2) I think the 0.5 ceiling that you imposed limits the effectiveness of your effort. While a team MIGHT display all or most of the practices above in one round in an attempt to get the bonus, their motivation would probably only extend far enough to do the minimum and therefore most of the things you want to see would go by the wayside, especially if a team already has info on the caselist. For example, let’s say that a team normally engages in none of the practices that you outlined above. If they want to see their point reward, they just have to remember to speak extra clear or find one of their opponents authors who isn’t qualified and they’ll probably get it. Conversely, teams that do normally exhibit these practices or have a genuine desire to try would be motivated to do them anyways, in which case the incentive does nothing to achieve the desired change. But if you try to remedy this by increasing the point incentives, then you run the risk of magnifying the effect on teams you dont’ judge. In other words, if you want to see improvement in ALL of these areas, I think there might be better ways to spread the word. Which brings me to…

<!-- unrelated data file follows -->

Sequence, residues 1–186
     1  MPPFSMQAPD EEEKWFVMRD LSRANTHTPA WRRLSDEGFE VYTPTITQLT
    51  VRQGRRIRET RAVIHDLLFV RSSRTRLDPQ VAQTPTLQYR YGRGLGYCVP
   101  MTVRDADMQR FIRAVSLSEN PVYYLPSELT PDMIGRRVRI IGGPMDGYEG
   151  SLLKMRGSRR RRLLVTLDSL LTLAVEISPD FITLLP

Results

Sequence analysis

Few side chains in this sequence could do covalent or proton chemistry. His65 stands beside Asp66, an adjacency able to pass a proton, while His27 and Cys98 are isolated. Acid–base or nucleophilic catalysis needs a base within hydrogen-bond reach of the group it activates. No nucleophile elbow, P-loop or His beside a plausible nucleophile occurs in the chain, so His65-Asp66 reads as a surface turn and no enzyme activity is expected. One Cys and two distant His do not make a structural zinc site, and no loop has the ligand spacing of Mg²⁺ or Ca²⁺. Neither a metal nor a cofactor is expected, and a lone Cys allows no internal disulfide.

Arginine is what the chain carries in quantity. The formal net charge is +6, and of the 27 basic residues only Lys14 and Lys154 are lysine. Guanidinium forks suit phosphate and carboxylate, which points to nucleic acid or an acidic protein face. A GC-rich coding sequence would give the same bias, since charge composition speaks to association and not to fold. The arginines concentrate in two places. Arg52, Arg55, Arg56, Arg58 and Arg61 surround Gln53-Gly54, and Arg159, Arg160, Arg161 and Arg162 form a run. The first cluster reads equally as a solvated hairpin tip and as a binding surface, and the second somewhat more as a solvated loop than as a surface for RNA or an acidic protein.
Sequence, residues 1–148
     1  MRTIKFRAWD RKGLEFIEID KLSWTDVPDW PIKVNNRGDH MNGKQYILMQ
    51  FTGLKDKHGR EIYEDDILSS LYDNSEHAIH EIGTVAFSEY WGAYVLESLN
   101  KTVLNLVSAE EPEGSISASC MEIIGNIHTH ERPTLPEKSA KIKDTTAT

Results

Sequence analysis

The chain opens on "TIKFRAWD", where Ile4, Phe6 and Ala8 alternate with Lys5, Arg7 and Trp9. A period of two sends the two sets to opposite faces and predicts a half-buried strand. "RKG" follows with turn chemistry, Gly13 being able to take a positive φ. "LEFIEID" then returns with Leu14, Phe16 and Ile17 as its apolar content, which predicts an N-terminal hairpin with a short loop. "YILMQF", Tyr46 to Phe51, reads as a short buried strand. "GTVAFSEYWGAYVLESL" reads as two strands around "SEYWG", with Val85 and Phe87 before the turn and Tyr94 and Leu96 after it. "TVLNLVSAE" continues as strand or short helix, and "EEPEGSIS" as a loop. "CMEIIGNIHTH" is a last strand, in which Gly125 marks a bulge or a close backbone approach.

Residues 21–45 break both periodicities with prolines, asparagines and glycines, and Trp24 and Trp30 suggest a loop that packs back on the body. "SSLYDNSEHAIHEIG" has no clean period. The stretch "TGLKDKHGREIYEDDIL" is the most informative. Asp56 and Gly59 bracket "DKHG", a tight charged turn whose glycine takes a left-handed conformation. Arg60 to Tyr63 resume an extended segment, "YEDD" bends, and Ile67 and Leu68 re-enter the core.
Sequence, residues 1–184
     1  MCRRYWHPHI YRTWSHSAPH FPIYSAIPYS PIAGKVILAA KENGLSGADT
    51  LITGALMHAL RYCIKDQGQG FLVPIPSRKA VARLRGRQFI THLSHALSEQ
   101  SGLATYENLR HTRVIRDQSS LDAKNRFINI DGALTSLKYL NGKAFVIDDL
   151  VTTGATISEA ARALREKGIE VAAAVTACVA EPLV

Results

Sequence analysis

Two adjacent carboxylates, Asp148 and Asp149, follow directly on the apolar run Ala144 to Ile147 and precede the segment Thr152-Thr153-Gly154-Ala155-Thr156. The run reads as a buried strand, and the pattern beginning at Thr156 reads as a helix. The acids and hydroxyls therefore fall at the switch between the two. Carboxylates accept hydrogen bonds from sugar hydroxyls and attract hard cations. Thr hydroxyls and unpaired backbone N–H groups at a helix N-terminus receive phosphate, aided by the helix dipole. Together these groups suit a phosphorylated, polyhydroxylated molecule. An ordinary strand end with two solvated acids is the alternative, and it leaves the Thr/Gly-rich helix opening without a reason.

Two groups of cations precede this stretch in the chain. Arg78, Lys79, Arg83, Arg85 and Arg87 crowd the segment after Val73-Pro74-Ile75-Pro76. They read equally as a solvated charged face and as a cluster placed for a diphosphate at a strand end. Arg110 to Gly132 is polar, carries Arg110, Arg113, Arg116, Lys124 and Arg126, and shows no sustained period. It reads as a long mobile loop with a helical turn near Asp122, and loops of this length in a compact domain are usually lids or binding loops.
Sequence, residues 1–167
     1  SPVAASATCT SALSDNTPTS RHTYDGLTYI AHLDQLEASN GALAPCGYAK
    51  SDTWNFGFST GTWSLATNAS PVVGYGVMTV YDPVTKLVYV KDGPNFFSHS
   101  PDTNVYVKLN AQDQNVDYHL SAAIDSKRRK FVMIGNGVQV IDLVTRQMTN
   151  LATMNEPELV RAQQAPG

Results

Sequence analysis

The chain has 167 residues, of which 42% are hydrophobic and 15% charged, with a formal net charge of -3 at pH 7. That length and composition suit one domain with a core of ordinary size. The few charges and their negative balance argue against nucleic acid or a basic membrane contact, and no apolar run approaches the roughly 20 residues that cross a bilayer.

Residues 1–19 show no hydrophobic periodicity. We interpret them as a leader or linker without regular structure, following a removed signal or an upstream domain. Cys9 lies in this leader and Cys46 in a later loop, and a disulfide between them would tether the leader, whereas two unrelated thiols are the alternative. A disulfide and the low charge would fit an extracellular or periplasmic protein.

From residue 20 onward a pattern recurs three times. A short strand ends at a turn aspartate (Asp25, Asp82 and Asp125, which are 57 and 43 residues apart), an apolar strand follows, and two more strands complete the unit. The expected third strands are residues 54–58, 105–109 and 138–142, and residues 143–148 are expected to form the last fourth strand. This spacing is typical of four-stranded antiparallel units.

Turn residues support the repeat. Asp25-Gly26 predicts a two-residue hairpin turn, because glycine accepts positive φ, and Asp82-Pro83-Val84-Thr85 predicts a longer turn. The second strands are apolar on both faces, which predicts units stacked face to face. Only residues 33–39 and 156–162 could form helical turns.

3) The counterplan: use other means of influence to create change. I’m not particularly well-read in psychology, but I imagine there must be other ways to change behavior than JUST small point rewards. Use your influence as a lab leader, along with the collective influence of your friends and colleagues that you can persuade, to teach kids at summer camp to follow these practices. I see this more and more every summer, a batch of kids leaves a particular lab with a brand new product of 4-7 weeks of groupthink and that practice hits as the new fad for the year. Make disclosure and author qualifications this year’s “politics is not intrinsic” fad. Rinse and repeat every year, maybe eventually you’ll create a norm. In addition to camps, you can teach it to your debaters, recommend it be taught elsewhere, preach it when you judge, and perhaps give small point rewards for exemplary debaters and small point deductions to egregious violators. That combination as a whole seems equally effective, but less disadvantageous than the point reward approach.